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v t e

Udayana, also known as Udayanācārya (Udyanacharya, or Master Udayana), was a very important Hindu logician of the tenth century who attempted to reconcile the views held by the two major schools of logic ( Nyaya
Nyaya
and Vaisheshika). This became the root of the Navya-Nyāya school of the thirteenth century, established by the Gangesha Upadhyaya ("New Nyāya") school of "right" reasoning, which is still recognized and followed in some regions of India. He lived in Kariyan village in Mithila, near present-day Darbhanga, Bihar
Bihar
state, India. Udayana wrote a sub-gloss on Vachaspati's work called the Nyaya-vaartika-taatparya-tiikaa-parishuddhi. He wrote several other works such as the Kusumanjali, Atma-tattva-viveka, Kiranaavali and Nyaya-parishishhta (also called Bodha siddhi or Bodha shuddhi). He is given credit by Naiyâyikas for having demolished in a final fashion the claims of the Buddhist logicians. All his works, or at least all of which we know, have been preserved, which attest to the respect in which he was held from the beginning.

Contents

1 Philosophy 2 Nyayakusumanjali
Nyayakusumanjali
and the existence of God 3 References 4 External links

Philosophy[edit] Two schools of thought for logical proof of the existence of God
God
exist in Hindu philosophy. The old Nyaya
Nyaya
system was concerned with the critical examination of the objects of knowledge by means of logical proof, while the earlier Vaiseshika system dealt with particulars—objects that can be thought of and named. Udayana assumed, with the Vaiseshika, that the world was formed by atoms, from which physical bodies also derived. But he was equally concerned with the mind and its right apprehension of objects in nature. His vigorous thinking was set forth in the Nyāya-Kusumānjali and the Bauddhadhikkāra, the latter an attack on the atheistic thesis of Buddhism. Living in a period of lively controversy with the Buddhists, Udayana defended his belief in a personal God
God
by resorting to the two natures of the world: cause and effect. The presence of the world is an effect that cannot be explained by the activity of atoms alone. A supreme being had to cause the effect and regulate the activity of the atoms; hence, according to Udayana, God
God
exists. In a debate with Buddhists in India
India
he was the final victor. After him no Buddhist philosopher undertook again a debate with Nyāya. Thus the nine-centuries long debate ended. Nyayakusumanjali
Nyayakusumanjali
and the existence of God[edit] Udayana's Nyayakusumanjali
Nyayakusumanjali
gave the following nine arguments to prove the existence of creative God:[1]

Kāryāt (lit. "from effect"): The world is an effect, all effects have efficient cause, hence the world must have an efficient cause. That efficient cause is God.[1] Āyojanāt (lit., from combination): Atoms are inactive. To form a substance, they must combine. To combine, they must move. Nothing moves without intelligence and source of motion. Since we perceive substance, some intelligent source must have moved the inactive atoms. That intelligent source is God.[1] Dhŗtyādéḥ (lit., from support): Something sustains this world. Something destroys this world. Unintelligent Adrsta (unseen principles of nature) cannot do this. We must infer that something intelligent is behind it. That is God.[1] Padāt (lit., from word): Each word has meaning and represents an object. This representational power of words has a cause. That cause is God. Pratyayataḥ (lit, from faith): Vedas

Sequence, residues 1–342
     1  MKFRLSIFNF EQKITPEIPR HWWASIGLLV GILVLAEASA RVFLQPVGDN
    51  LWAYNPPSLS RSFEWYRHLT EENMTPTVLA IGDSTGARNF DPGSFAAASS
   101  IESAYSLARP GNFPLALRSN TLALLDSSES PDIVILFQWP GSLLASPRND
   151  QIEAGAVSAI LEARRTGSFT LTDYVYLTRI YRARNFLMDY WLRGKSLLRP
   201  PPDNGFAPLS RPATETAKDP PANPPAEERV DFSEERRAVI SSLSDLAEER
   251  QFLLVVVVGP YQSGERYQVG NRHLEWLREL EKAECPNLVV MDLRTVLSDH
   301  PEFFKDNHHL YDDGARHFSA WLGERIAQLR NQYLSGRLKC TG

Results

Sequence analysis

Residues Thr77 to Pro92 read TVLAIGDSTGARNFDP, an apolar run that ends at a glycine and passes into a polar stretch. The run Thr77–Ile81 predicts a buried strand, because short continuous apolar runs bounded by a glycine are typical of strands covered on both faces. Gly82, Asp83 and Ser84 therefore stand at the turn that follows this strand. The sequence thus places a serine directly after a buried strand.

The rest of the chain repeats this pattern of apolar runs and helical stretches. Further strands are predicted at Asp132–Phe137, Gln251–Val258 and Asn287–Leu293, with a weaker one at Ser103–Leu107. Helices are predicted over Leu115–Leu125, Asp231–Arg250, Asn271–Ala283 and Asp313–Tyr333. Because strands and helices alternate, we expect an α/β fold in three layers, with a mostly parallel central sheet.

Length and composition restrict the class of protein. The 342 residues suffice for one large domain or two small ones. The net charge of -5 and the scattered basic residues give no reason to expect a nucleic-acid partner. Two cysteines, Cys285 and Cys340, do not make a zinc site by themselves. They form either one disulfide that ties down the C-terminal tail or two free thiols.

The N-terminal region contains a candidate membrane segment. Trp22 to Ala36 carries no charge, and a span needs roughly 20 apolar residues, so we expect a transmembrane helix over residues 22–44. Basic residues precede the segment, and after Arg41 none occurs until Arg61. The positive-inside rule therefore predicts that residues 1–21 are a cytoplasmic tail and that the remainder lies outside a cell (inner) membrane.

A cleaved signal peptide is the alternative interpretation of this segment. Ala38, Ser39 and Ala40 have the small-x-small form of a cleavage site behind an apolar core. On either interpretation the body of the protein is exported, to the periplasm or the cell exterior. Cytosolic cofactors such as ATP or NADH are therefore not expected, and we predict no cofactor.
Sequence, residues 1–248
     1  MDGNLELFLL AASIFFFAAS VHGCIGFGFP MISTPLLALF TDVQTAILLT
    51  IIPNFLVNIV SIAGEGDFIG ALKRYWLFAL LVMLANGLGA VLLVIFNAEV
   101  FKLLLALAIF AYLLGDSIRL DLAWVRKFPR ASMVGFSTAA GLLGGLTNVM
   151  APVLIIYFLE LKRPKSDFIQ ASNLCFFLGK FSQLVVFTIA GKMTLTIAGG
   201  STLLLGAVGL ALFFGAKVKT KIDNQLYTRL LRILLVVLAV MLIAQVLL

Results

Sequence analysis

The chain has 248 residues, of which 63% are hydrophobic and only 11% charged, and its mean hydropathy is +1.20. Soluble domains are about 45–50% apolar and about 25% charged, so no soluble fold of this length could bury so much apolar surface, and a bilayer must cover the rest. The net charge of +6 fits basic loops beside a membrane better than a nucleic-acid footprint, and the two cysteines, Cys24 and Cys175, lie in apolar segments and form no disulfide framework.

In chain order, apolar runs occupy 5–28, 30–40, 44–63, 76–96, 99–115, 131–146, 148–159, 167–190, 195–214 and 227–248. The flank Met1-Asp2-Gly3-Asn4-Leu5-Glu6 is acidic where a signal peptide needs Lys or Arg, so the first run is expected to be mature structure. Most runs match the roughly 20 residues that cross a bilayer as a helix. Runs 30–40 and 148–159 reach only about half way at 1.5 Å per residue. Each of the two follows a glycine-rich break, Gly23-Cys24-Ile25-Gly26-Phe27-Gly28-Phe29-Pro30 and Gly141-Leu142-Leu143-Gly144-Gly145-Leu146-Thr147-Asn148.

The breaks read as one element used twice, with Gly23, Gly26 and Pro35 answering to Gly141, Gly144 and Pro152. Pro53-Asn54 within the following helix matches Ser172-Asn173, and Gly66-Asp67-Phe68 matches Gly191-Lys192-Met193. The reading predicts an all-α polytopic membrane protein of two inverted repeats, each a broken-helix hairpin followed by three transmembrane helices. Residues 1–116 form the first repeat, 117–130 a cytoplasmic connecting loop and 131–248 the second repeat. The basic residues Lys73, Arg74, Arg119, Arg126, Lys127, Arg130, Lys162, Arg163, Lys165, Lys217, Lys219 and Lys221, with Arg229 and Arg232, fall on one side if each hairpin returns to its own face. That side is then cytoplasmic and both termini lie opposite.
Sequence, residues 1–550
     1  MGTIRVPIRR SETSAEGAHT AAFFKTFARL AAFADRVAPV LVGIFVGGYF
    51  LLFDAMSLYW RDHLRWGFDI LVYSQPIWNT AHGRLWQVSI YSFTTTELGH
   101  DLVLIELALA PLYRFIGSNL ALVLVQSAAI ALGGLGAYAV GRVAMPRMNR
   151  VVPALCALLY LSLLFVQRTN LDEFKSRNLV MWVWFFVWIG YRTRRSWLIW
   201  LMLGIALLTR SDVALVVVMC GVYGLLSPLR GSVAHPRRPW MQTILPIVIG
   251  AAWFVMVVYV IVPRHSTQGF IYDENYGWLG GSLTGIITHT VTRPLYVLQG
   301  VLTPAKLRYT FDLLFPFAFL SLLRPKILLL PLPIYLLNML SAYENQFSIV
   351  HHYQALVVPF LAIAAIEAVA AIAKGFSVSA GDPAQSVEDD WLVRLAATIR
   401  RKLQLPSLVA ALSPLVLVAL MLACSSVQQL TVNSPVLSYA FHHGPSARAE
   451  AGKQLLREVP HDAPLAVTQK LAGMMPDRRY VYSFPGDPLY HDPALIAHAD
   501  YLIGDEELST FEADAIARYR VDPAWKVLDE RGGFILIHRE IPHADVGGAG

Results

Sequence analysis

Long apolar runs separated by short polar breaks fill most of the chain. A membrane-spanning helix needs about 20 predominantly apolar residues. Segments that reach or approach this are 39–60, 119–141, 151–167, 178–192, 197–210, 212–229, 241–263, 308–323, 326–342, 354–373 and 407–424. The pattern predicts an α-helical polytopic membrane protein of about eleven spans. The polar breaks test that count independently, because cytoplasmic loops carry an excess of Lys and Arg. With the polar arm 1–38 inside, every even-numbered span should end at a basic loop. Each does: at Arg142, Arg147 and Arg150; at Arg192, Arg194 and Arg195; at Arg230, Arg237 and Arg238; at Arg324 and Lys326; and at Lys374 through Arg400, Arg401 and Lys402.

Vedas
are infallible. Human beings are fallible. Infallible Vedas
Vedas
cannot have been authored by fallible human beings. Someone authored the infallible Vedas. That author is God.[1] Shrutéḥ (lit., from scriptures): The infallible Vedas
Vedas
testify to the existence of God. Thus God
God
exists.[1] Vākyāt (lit., from precepts): Vedas
Vedas
deal with moral laws, the rights and the wrongs. These are divine. Divine injunctions and prohibitions can only come from a divine creator of laws. That divine creator is God.[1] Samkhyāviśeşāt (lit., from the specialty of numbers): By rules of perception, only the number "one" can ever be directly perceived. All numbers other than one are inferences and concepts created by consciousness. When man is born, his mind is incapable of inferences and concepts. He develops consciousness as he develops. The consciousness development is self-evident and proven because of man's ability with perfect numerical conception. This ability to conceive numerically perfect concepts must depend on something. That something is divine consciousness. So God
God
must exist.[1] Adŗşţāt (lit., from the unforeseen): Everybody reaps the fruits of his own actions. Merits and demerits accrue from his own actions. An Unseen Power keeps a balance sheet of the merit and demerit. But since this Unseen Power is Unintelligent, it needs intelligent guidance to work. That intelligent guide is God.[1]

References[edit]

^ a b c d e f g h i Sharma, C. (1997). A Critical Survey of Indian Philosophy, Delhi: Motilal Banarsidass, ISBN 81-208-0365-5, pp.209-10

External links[edit]

Bibliography of Udayana's works, Item 560, Karl Potter, Univer

.